Property maintenance: deductibility of expenses

Always maintenance costs should be divided into ordinary and extraordinary. The difference is substantial, and the tax consequences are radically different.

There is talk of routine maintenance when the objective is to maintain the functionality of the property or as to restore its efficiency after a fault or damage of any kind; special maintenance, however, is intended to increase the value of the asset. For example referring to real property, paint the walls is routine maintenance, add a room is maintenance.

With regard to professionals, once again record how the laws have changed over the years. But the speech is less complex, since this time no matter when you purchased the property, or has been leased: tax regulations is even today.

The Extraordinary maintenance costs are increasing the value of the property: so that they simply must be added at historical cost. Therefore they will be amortizable and deductible if and to the extent that it is the property which they refer.

For the costs of routine maintenance, however, is still being applied the same rule provided for businesses: are deductible in the year in which they were incurred, up to a limit called the "ceiling".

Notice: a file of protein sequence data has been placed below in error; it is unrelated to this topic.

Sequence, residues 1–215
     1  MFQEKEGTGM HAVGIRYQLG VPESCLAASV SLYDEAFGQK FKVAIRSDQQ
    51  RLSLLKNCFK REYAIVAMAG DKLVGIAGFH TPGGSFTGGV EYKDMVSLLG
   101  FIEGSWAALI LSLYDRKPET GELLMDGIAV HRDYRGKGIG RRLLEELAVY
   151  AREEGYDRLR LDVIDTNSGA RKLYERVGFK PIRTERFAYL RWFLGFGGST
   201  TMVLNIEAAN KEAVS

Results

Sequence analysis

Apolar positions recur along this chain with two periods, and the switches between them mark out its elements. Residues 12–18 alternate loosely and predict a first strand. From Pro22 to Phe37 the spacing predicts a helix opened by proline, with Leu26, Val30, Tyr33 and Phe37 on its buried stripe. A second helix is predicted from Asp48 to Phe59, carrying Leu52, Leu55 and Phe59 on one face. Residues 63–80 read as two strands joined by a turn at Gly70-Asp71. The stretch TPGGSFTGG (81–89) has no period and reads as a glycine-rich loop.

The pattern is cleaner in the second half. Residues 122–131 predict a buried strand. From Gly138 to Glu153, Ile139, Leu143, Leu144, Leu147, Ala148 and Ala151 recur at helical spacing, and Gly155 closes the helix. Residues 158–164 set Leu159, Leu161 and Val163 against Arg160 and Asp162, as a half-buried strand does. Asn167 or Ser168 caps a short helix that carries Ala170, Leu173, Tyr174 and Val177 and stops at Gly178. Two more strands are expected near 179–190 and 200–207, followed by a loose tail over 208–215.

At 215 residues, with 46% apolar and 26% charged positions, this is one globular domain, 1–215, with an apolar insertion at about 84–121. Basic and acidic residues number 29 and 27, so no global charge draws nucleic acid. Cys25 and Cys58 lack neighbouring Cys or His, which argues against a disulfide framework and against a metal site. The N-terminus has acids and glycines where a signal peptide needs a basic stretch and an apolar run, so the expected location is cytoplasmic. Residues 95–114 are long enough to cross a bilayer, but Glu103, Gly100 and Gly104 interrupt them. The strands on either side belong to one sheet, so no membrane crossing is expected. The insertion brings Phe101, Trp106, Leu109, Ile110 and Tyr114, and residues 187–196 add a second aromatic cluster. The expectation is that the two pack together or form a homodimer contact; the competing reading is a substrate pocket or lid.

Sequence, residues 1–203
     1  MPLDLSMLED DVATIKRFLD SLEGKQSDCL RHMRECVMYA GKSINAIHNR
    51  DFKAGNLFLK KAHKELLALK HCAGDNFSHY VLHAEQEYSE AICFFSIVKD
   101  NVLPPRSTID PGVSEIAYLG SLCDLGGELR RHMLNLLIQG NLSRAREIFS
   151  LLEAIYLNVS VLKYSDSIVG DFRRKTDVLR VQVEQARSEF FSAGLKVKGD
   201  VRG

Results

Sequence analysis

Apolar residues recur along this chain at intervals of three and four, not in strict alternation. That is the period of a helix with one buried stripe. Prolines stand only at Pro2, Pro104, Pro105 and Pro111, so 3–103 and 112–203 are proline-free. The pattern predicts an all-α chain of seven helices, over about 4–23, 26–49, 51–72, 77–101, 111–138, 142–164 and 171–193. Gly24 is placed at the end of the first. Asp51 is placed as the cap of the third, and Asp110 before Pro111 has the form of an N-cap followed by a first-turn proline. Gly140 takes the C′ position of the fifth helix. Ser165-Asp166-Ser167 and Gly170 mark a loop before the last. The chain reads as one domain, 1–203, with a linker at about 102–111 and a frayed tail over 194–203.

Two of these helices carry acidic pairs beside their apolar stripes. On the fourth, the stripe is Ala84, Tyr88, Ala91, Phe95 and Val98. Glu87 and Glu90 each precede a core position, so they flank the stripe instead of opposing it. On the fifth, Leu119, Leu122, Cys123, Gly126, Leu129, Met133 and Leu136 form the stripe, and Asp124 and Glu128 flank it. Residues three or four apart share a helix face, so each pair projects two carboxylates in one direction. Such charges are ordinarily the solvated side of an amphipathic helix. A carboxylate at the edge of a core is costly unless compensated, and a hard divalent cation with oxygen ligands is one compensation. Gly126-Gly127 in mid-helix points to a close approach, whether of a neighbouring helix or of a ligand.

The credit limit is equal to 5% of the historical cost before depreciation of all depreciable assets at January 1, to which is added the historical costs of new assets purchased during the year and subtract one of the assets sold or disposed of in the meantime.

Acquisitions and disposals during the year should be considered in proportion to the days before the sale or after the purchase.

If the routine maintenance costs exceed the ceiling, the excess will be deductible in the next five years in the units of the same amount.

In the promiscuous property, the deduction is reduced as more than half in each case.




Translated via software



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